Some US officials told CNN they were not concerned about the Biden administration taking responsibility for a potential operation, as they remain skeptical that the two sides could reach a deal. Administration officials have discussed possible responses should an invasion occur, and some of Biden’s Democratic allies in Congress have made new calls for the White House to consider conditioning military aid to Israel if it takes place. an operation in Rafah, as the president faces intense pressure over his support for Israel from key parts of his coalition.

The Biden-Netanyahu call “helped clear things up” between the two leaders, a source familiar with the call said. It was a “business conversation,” the source added, noting that it’s always good to talk about working together and what the two sides agree and disagree on.

But Netanyahu’s insistence on the need for a ground invasion appeared to contradict Biden’s message to the prime minister during their Monday phone conversation, during which the president expressed deep reservations about a major offensive of the kind Israel has undertaken in cities like the Gaza City and Khan Younis.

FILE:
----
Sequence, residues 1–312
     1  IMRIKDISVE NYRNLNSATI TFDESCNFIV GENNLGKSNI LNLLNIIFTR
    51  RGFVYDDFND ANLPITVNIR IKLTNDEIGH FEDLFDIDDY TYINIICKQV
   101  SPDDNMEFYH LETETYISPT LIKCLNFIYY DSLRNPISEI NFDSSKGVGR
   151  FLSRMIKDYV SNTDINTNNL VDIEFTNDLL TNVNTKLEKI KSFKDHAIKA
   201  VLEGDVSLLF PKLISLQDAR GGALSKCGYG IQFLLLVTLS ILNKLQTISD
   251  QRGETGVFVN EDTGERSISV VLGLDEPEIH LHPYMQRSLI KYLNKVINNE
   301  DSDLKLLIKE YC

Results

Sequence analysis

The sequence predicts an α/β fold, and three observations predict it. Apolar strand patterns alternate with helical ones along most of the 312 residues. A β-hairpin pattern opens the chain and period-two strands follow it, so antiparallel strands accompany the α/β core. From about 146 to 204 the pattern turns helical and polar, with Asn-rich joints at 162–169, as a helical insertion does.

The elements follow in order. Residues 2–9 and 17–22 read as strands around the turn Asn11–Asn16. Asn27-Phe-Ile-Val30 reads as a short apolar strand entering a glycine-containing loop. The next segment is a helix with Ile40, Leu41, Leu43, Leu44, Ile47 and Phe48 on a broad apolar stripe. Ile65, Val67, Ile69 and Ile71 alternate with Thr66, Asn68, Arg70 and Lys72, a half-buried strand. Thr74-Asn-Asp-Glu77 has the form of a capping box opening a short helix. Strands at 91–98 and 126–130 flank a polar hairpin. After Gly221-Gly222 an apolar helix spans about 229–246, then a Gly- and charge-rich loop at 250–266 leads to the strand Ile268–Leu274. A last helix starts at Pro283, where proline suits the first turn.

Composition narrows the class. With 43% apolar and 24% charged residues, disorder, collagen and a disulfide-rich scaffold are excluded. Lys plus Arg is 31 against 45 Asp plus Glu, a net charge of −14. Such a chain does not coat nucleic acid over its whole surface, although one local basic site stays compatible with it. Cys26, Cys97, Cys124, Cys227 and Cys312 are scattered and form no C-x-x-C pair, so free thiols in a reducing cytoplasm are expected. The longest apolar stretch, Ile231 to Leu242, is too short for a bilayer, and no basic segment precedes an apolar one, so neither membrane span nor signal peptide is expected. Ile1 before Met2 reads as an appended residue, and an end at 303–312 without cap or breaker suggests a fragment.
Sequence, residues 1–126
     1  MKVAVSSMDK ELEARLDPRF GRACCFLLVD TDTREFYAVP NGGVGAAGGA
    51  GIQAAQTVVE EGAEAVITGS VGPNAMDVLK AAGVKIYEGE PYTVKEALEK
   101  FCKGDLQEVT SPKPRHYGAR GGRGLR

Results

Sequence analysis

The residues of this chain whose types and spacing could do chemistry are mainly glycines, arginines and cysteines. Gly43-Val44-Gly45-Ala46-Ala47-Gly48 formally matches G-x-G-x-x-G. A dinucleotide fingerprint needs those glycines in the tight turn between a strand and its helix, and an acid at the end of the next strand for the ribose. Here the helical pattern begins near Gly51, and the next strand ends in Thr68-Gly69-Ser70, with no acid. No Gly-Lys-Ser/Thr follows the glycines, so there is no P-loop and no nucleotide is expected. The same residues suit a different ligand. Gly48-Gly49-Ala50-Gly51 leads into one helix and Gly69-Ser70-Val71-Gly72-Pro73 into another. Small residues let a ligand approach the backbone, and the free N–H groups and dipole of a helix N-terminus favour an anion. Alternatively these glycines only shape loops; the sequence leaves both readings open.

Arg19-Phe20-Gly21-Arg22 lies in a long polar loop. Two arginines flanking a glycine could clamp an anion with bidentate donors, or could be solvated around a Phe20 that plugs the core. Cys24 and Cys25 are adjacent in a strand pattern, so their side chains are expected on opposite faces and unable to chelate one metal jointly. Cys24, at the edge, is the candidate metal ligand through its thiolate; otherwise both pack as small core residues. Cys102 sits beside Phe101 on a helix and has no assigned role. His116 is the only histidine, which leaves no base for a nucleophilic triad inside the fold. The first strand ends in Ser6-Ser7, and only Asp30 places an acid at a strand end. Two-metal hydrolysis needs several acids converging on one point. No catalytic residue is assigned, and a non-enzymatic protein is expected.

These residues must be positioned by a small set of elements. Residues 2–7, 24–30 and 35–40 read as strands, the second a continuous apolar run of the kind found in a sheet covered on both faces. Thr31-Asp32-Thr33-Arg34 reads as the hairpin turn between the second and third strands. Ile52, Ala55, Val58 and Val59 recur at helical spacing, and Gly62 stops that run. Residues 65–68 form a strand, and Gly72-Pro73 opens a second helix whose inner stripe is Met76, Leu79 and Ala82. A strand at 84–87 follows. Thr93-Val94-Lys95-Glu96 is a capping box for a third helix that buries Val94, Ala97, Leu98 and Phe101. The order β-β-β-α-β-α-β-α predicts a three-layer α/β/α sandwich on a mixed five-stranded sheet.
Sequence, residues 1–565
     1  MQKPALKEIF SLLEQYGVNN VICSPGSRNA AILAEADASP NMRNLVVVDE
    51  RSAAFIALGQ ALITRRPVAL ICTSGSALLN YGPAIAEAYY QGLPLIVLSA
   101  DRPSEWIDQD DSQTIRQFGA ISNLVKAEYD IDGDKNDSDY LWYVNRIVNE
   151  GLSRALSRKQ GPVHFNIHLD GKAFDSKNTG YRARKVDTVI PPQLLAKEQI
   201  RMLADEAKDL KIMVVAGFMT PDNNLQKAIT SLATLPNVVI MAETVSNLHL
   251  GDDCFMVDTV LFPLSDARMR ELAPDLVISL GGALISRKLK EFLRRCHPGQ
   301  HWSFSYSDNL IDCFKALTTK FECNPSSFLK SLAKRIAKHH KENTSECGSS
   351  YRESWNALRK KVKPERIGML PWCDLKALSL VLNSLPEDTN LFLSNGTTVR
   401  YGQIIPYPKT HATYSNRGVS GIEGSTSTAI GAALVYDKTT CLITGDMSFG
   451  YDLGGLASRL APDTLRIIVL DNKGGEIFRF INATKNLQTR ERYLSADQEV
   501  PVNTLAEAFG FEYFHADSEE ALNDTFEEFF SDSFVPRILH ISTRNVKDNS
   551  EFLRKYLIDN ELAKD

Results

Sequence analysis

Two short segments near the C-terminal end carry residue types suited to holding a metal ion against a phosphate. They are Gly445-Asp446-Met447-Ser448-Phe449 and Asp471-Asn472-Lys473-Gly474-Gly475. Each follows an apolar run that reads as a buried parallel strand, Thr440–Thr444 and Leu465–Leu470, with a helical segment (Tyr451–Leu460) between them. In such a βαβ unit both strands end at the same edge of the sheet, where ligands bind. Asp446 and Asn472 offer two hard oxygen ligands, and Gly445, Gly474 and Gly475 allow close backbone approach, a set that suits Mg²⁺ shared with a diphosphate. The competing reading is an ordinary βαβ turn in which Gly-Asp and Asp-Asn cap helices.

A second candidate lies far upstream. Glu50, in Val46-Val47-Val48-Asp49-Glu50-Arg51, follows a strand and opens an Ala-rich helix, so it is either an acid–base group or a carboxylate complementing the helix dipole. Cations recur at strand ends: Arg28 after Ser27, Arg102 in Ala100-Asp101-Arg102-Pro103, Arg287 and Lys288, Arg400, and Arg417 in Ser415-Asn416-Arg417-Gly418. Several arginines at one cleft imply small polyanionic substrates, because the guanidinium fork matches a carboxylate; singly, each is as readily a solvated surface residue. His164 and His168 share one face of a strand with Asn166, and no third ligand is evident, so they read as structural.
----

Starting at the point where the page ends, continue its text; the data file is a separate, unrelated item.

“A major ground operation there would be a mistake,” Biden’s national security adviser, Jake Sullivan, declared Monday after the phone call.

An Israeli invasion of Rafah would represent a potentially decisive moment for Biden and his approach to the conflict. He said in an interview earlier this month that the Israelis pressing ahead with the operation without a credible plan to protect civilians would amount to a “red line,” although he quickly added that he was “never going to abandon Israel.”

The United States has been asking Israel to explain how it plans to protect the estimated 1.4 million Palestinians seeking refuge in southern Gaza ahead of its planned operation in Rafah. So far, the Biden administration says, that plan has not been presented.